What is it about?

The ‘historical’ plague doctor with his long robe, gloves, cane and of course his beak-shaped mask, is surrounded by misunderstandings. Yet he has become such a recognisable and powerful symbol of the plague, that his image keeps appearing when subjects such as the plague, pandemics in general or protective wear are treated, in popular articles as well as scholarly papers. The assumed analogy between the masks of our own recent pandemic and the PPE of the plague doctor has boosted his omnipresence even more, resulting in an overload of misinformation. The concept of the plague doctor is compiled from at least three sources: the prints from 1656, the descriptions in the biography of the supposed inventor of the costume, Charles de Lorme, and the print and description in Jean-Jacques Manget’s plague treatise from 1721. This article focuses on the description of the plague suit in Charles de Lorme’s biography by Michel de Saint-Martin. The author had a reputation for being very eccentric and gullible, and there are many assertions in his book that are demonstrably incorrect. But if De Lorme was the author of the first full-body plague costume, it bore hardly any resemblance to the ‘Doctor Beak’ from the popular prints.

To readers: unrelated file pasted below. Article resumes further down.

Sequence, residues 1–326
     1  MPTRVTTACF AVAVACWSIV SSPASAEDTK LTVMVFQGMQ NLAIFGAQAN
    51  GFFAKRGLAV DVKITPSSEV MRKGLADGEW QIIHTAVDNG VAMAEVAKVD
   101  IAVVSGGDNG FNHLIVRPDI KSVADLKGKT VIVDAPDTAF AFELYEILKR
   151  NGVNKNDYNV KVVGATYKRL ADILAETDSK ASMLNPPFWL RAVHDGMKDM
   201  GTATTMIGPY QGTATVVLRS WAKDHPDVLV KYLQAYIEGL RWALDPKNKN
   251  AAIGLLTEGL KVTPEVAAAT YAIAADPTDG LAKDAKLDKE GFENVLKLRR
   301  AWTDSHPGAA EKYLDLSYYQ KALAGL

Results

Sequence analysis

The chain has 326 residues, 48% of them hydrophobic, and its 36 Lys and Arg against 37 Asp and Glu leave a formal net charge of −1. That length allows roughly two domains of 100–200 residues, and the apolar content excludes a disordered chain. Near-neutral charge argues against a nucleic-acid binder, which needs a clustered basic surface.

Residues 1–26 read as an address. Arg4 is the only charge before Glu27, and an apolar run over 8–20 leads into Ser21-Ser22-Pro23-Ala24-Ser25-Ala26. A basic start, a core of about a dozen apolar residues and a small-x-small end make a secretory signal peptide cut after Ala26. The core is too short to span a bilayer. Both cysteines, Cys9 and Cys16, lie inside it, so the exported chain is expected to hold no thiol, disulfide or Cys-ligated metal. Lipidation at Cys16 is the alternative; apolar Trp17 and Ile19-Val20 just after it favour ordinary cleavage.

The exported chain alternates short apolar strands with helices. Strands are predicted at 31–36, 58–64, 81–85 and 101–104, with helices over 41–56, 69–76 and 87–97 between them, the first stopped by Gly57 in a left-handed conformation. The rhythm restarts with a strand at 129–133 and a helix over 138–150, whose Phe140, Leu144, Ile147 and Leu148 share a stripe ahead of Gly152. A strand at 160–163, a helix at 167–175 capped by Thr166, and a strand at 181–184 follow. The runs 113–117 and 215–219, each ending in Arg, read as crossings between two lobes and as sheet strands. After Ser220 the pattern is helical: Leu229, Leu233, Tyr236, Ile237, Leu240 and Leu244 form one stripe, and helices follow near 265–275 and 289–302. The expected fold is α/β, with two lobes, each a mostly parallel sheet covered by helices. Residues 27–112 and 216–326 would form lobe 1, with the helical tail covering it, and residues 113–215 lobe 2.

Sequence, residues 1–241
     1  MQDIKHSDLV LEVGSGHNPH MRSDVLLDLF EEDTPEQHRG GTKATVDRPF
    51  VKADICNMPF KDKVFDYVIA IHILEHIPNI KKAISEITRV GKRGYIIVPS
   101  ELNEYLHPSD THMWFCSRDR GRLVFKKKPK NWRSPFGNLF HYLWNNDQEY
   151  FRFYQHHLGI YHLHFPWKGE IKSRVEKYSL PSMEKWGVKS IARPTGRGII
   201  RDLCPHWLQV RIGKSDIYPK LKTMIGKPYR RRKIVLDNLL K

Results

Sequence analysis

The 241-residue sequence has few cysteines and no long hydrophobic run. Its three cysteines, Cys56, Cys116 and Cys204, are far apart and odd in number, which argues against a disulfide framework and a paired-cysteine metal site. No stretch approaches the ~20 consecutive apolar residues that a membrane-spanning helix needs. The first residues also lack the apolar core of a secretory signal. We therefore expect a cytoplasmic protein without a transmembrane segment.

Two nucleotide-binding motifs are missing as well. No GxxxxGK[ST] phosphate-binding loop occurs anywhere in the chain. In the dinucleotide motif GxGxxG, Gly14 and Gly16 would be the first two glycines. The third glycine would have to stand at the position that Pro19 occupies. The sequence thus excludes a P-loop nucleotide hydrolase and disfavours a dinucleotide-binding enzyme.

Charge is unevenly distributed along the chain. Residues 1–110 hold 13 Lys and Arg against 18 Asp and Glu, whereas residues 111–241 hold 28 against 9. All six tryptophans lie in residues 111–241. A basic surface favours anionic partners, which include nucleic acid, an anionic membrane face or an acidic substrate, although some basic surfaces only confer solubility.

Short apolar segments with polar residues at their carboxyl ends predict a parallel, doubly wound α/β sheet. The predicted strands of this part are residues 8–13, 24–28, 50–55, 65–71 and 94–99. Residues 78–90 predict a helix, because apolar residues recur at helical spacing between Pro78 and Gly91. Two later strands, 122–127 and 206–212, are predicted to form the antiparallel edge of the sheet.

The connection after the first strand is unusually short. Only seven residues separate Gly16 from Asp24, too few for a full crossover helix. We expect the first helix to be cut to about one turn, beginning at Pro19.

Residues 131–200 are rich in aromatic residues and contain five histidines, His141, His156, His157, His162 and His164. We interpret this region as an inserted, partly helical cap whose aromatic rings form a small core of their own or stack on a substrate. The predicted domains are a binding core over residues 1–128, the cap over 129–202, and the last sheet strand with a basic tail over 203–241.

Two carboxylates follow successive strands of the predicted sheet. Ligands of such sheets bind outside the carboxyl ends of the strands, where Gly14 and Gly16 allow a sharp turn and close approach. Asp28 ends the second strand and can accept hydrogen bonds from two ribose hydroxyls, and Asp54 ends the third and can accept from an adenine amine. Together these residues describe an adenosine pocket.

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Why is it important?

Plague doctor images are so ubiquitous that they tend to block our view on the medical PPE that has been used through the ages in reality and, in a broader sense, on conceptions about contagion and protective measures in the early modern period. This article aims to tackle some of the misunderstandings that surround this subject by critically examining the most often cited sources about the invention of the plague costume.


The iconography of plague doctor depictions from the 17th and 18th century has had my interest since I curated an exhibition about epidemics through history in 2001. These are works of art that contain strong allegoric and satiric implications, but the supposed historicity of the depicted outfit has led many historians astray. I hope to publish my findings about the prints in the near future, it felt logic to start off with the beginning: the first plague costume. Many thanks to EHMH for their willingness to publish.

Herbert J. Mattie

Read the Original

This page is a summary of: Men in Tights: Charles De Lorme (1584–1678) and the First Plague Costume, European Journal for the History of Medicine and Health, November 2023, Brill,
DOI: 10.1163/26667711-bja10033.
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